Thatcham Car AlarmsThatcham Certified Installer Logo

Vehicle Security – A Guide for Insurance

May VSIB rest in peaceMost people are only interested in vehicle security because their insurance company makes it part of their policy agreement. But with so many paper forgeries, mis-selling by installers and confusion amongst insurance employees it is easy to end up with the wrong product.

Thatcham Alarms with Certificates

Insurance approved car alarms are Thatcham alarms carrying the Category 1 badge. They must also have either an MESF (Mobile Electronics and Security Federation) certificate, or a Thatcham database entry, to show installation standards were met to a recognised standard.

The major problem comes from the VSIB legacy. In April 2009 VSIB (Vehicle Systems Installation Board) went into receivership and disappeared. This happened so quickly that authorised stamps were not recalled, and large numbers of VSIB certificates were left to flood the market place. To add to the confusion Thatcham temporarily took the place of VSIB, authorising VSIB certificates until it launched its own TRI (Thatcham Recognised Installer) program in January 2010.

VSIB certificates issued after January 2010 are not worth the paper they are written on.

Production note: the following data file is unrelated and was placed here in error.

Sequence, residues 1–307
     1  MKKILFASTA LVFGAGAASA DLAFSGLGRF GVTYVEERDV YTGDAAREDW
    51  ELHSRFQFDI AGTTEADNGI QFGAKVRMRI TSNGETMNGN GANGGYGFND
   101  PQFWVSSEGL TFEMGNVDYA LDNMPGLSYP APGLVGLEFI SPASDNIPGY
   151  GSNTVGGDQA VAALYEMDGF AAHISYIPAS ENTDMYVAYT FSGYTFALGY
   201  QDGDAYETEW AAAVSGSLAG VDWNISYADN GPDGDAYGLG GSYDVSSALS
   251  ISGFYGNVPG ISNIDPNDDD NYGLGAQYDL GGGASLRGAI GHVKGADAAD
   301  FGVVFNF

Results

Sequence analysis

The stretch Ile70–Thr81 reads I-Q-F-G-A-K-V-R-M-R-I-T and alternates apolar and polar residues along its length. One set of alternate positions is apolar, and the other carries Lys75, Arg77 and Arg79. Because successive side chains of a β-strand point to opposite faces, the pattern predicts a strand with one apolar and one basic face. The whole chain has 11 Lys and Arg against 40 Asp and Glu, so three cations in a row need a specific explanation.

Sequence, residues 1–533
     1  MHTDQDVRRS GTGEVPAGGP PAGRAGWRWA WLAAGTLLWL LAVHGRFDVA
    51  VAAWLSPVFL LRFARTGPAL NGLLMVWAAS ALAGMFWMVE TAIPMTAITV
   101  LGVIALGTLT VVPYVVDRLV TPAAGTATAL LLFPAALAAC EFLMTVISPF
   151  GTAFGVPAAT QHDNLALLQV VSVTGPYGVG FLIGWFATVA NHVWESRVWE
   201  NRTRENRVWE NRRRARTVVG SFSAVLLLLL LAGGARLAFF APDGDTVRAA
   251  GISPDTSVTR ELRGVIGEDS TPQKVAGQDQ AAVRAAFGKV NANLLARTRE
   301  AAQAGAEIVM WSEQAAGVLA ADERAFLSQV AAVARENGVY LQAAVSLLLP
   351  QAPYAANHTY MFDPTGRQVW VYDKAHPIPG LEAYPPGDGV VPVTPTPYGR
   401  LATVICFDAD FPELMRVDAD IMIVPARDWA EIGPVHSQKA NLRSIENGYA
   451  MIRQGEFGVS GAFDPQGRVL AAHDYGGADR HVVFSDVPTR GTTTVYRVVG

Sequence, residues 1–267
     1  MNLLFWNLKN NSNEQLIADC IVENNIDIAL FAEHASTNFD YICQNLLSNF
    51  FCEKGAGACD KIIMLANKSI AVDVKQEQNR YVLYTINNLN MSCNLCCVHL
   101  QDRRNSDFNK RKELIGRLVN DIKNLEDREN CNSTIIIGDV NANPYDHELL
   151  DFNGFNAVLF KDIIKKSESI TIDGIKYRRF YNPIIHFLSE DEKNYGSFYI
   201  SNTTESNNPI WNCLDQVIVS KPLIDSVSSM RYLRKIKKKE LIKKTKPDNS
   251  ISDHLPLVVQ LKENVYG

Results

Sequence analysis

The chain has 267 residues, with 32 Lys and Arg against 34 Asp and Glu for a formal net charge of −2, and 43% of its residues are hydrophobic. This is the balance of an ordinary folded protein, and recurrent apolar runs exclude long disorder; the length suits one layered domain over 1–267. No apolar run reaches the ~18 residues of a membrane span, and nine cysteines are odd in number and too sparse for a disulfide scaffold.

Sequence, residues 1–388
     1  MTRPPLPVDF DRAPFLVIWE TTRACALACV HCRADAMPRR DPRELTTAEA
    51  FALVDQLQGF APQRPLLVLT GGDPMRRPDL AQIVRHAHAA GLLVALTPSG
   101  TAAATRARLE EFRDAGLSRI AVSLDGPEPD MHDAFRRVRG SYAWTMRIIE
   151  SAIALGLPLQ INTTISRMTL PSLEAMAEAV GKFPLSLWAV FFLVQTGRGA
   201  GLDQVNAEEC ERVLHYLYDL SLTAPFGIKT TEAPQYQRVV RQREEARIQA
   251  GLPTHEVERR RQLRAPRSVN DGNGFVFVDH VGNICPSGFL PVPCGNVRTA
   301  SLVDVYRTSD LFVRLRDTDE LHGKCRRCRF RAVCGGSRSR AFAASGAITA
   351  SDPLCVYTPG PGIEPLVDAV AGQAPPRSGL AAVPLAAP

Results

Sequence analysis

Expertly Fitted Car Alarms

Another problem comes from competing vehicle security installation companies.

Many, even large companies are capitalising on the certification confusion by claiming VSIB, MESF, or Thatcham TRI without being any of these. This is particularly visible on eBay, where it is also highly probable that the expired VSIB domain name is now kept going by an eBay seller.

Expertly fitted car alarms that are insurance compliant are either fitted by a TRI or an MESF installer.

Insurance Company Approval

The third problem comes from insurance companies themselves. Major insurers and their employees appear at the very least to be out of date when it comes to advising customers. Many still ask for their customers to find a VSIB installer, in the mistaken belief that this is still the industry standard. A good example of this misinformation is on a major insurer’s website, where it directs customers to VSIB in its ‘Tips and Advice’ section. Re-education appears to be slow.

It has also become apparent that most insurance company employees are unsure what a legitimate certificate looks like, often accepting anything that looks genuine. All previous VSIB certificates and all current MESF paper certificates are completed with an impression stamp that leaves a raised mark through all copies. A popular fraud is to get a printed stamp made up, as when stamped it looks like an entry in a car annual service book.

Vehicle security requires an active certification to provide regulation, safety and somewhere for customers to go to if there is problem. MESF and TRI are good for the industry, insurance companies and customers.

Last updated September 2011
Find your nearest TRI installer
Find your nearest MESF installer

Website promotes the current recognised UK installer network. Car alarms should be fitted by either a Thatcham Recognised Installer or an MESF Approved Installer. © 2011